A FORMER boss of controversial UK subprime lender FirstPlus has been named as the chief executive who will lead Permanent TSB into its standalone future.
Irish Life & Permanent (IL&P) announced the appointment of British banker Jeremy Masding yesterday. Permanent TSB boss David Guinane, who also applied for the role, is leaving the bank and was praised for his "significant contribution" last night.
Mr Masding (46) spent the bulk of his banking career at UK banking giant Barclays, where he worked for close to 23 years.
His last role in the group was as chief executive of FirstPlus, a Barclays-owned subprime lender that specialised in top-up mortgages which allowed people to roll other debts into their home loans.
The company, whose ad campaigns were famously fronted by TV's Carol Vorderman, came under sustained criticism from charities in the UK for encouraging people to put their homes at risk.
FirstPlus closed to new business in mid-2008, citing a fall in demand. Mr Masding had left a year earlier, and went on to head up UK home loans provider Central Trust before becoming a self-employed financial services consultant in May 2010.
In a statement, Finance Minister Michael Noonan yesterday welcomed Mr Masding's appointment, adding that the Government was "pleased" his remuneration package would be within the banking pay guidelines.
Mr Masding's total remuneration, including everything excepting pension, must be less than €500,000. He has no bonus or share entitlements.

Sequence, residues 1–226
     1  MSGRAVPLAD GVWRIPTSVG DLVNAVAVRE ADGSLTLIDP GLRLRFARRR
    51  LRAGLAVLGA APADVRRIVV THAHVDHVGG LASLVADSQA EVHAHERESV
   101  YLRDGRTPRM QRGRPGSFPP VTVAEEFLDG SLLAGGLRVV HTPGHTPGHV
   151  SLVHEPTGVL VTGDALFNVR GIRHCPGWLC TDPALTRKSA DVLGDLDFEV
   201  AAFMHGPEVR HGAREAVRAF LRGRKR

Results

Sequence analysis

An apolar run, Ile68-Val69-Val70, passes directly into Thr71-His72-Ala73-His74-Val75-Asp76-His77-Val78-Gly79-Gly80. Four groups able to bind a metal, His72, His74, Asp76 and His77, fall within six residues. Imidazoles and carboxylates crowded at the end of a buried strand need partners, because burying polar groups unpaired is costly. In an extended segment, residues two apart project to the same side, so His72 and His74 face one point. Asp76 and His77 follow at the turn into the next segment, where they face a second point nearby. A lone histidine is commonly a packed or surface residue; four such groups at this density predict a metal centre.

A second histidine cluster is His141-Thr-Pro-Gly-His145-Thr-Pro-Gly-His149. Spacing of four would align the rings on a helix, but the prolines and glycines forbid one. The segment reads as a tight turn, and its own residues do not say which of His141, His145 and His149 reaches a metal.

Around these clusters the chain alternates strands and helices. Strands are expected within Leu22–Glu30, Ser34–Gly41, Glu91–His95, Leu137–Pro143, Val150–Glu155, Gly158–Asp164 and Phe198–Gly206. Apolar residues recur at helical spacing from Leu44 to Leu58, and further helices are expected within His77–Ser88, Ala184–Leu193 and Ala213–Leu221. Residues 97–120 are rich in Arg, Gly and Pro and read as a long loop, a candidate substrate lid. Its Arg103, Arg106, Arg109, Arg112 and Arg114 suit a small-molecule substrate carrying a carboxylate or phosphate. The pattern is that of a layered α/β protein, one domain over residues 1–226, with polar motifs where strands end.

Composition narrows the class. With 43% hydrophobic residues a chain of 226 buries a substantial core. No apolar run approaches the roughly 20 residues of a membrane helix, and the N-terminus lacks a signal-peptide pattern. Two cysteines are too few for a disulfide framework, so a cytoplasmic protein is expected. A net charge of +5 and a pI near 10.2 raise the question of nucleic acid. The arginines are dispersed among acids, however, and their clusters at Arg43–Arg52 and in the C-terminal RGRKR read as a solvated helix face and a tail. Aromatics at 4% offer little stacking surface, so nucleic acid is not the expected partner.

It is understood that the pay cap did not impede IL&P's hunt for a chief executive.
The appointment was made by the board of IL&P, and approved by the Central Bank and Department of Finance, which oversees the State's 99pc interest in the bancassurer.
The Briton is set to begin work on February 20, ahead of the separation of IL&P's life insurance and banking units in "late March/early April". The exact form of that separation is set to be hammered out with the EU/IMF/ECB troika.
Any separation will leave Permanent TSB with full responsibility of all functions like risk and treasury, which had previously been run through IL&P's head office.
Mr Masding will also have to try to carve out a viable business from a bank that's crippled by a loss-making tracker book and the muted market for home-loan demand.
"The coming years will be critical to establishing the bank as a successful, profitable and competitive force in the Irish banking system and we believe that Jeremy is well suited to this role," IL&P chairman Alan Cook said.
Mr Masding said he believed the bank has a "very important role" to play in the "much-reduced Irish banking sector" and said he was also "conscious" that Permanent TSB owes it to the taxpayer to "return the bank to strength and profitability as quickly as possible".